Thursday, August 15, 2013

Jobs: a life in hissy fits and applause

At some point in his career people would just start applauding Steve Jobs before he even told them anything applause-worthy. Apparently he was just like that. Maybe people were just eager to be impressed. Maybe they were just scared. According to Jobs, besides being a human applause-prompter, Jobs was also a restless genius of bullying, a deadbeat dad, an impatient asshole incapable of empathizing with others (nervous investors included), a ruthless prick and a quasi-hippy whose habits of going everywhere barefoot and neglecting basic grooming died hard. The first scene of Jobs finds Jobs, to the sound of John Williams-style somber triumphalist scoring, introducing the first iPod, describing it as “a tool for the heart.” But did the Apple founder even have one? How accurately the Jobs of Jobs represents the real Jobs I couldn’t tell you. What matters for the purpose of this review is that you’re never going to get to know anyone, famous or not, through the graceless, impersonal bullet point/greatest hits approach to the bio-pic employed here. The kinks and nuances of persona are the first things to go. Jobs is crammed with event and devoid of character.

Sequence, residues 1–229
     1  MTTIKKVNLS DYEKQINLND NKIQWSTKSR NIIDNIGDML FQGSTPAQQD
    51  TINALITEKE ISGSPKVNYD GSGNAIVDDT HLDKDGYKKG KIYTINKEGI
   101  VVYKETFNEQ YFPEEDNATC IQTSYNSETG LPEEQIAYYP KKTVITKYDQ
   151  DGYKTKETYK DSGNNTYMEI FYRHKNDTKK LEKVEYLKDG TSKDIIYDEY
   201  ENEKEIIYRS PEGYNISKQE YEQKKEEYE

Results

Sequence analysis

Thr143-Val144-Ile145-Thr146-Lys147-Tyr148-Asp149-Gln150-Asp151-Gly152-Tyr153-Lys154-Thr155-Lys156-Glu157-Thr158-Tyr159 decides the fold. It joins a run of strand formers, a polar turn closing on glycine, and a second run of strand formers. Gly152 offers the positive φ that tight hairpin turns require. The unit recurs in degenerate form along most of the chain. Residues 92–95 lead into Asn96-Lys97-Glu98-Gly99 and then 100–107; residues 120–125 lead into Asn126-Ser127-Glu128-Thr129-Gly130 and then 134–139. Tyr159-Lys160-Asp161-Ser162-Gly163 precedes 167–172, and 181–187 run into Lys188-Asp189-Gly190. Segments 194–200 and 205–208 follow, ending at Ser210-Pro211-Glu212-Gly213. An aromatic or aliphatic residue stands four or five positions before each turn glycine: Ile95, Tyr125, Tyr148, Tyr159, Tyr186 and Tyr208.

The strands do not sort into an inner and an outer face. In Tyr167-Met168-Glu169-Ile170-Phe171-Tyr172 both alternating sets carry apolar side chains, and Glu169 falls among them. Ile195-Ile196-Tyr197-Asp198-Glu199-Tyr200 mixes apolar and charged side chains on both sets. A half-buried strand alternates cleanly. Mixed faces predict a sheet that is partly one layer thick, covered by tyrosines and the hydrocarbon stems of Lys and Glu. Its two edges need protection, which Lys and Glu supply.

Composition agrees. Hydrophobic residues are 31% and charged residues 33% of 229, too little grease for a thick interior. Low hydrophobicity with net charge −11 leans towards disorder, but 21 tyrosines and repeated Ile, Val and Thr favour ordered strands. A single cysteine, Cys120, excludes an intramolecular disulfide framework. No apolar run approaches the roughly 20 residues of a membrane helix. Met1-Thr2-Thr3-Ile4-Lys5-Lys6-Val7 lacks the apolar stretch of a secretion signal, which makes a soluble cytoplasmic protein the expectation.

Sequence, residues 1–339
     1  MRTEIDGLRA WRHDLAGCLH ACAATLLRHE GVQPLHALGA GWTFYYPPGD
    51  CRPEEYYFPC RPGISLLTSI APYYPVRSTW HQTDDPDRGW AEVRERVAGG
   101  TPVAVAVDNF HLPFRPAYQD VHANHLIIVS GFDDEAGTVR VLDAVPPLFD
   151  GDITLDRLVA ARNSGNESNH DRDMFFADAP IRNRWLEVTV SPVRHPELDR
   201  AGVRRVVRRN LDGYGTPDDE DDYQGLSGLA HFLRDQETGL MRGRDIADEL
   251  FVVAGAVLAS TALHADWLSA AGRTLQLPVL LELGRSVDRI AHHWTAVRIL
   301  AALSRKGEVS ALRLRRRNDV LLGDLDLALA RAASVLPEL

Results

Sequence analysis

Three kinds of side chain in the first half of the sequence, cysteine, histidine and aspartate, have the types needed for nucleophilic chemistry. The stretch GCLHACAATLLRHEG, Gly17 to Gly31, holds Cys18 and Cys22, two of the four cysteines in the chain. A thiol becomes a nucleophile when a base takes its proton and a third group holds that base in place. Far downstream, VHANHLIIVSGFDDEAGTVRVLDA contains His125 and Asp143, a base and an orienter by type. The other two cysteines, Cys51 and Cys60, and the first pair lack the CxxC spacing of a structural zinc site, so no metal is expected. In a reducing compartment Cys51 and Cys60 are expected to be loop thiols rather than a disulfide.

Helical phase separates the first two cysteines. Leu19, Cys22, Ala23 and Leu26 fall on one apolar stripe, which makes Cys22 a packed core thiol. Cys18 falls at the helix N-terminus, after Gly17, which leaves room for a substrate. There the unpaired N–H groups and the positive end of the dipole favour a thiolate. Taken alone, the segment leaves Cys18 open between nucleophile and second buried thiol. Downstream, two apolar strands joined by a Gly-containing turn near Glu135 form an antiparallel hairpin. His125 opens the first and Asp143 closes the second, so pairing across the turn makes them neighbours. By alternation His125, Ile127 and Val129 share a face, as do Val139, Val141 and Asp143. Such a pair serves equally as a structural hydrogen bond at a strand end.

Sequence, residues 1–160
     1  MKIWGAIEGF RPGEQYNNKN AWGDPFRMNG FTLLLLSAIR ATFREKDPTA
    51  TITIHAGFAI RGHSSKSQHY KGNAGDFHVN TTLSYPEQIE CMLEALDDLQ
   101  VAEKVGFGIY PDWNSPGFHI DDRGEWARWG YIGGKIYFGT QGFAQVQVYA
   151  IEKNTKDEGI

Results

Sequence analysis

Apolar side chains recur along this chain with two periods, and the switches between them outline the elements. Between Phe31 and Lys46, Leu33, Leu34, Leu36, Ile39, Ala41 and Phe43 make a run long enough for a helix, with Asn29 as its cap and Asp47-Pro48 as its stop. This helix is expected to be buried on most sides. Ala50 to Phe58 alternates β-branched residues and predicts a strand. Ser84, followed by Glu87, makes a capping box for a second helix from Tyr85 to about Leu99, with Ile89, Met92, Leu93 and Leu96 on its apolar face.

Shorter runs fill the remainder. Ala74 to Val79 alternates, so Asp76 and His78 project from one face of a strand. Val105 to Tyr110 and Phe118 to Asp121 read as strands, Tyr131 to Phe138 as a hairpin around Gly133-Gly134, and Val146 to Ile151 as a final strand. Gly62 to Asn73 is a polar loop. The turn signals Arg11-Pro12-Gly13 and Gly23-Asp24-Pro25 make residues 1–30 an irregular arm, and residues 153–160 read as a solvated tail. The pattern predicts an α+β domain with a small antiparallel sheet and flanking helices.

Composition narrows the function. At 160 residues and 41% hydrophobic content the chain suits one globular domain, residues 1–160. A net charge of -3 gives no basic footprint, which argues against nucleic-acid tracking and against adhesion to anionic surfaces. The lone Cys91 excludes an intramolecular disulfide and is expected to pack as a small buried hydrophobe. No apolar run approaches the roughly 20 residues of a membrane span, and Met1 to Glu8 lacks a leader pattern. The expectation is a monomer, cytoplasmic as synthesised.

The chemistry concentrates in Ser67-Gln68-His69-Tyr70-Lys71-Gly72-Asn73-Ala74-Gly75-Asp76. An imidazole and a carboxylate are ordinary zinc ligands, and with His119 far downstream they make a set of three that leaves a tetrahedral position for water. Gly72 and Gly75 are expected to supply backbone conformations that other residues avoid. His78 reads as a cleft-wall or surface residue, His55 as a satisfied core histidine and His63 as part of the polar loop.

From smug college dropout to smug outlier at Atari to smug visionary business founder to smug titan of industry, Jobs sweeps us along the key steps in its protagonist’s rise to glory. The bit where he and his cohorts seek their first investors has an enjoyable giddiness, but mostly this is a laundry list over which haircuts and outfits gradually get more conservative and computers get more compact. The dialogue is mostly exposition, the camerawork fussy. Someone thought it a good idea to hire Ashton Kutcher. He clearly threw himself into the role of Jobs, but the role is roughly 50% impersonation (of Golem as much as Jobs) and 50% hissy fit. Kutcher freaks out a lot. Sometime quietly, other times like an infant volcano. He shakes, sputters, stares down, becoming only more remote as Jobs gets axed by his own company and later hired back. The part where he makes amends with the family he abandoned is elided. The film’s chronology ends in 2001 and Kutcher’s Jobs already seems exhausted. As are we, without the slightest feeling of having gained some new understanding of the man behind half of the devices we’re going to turn back on after the movie.

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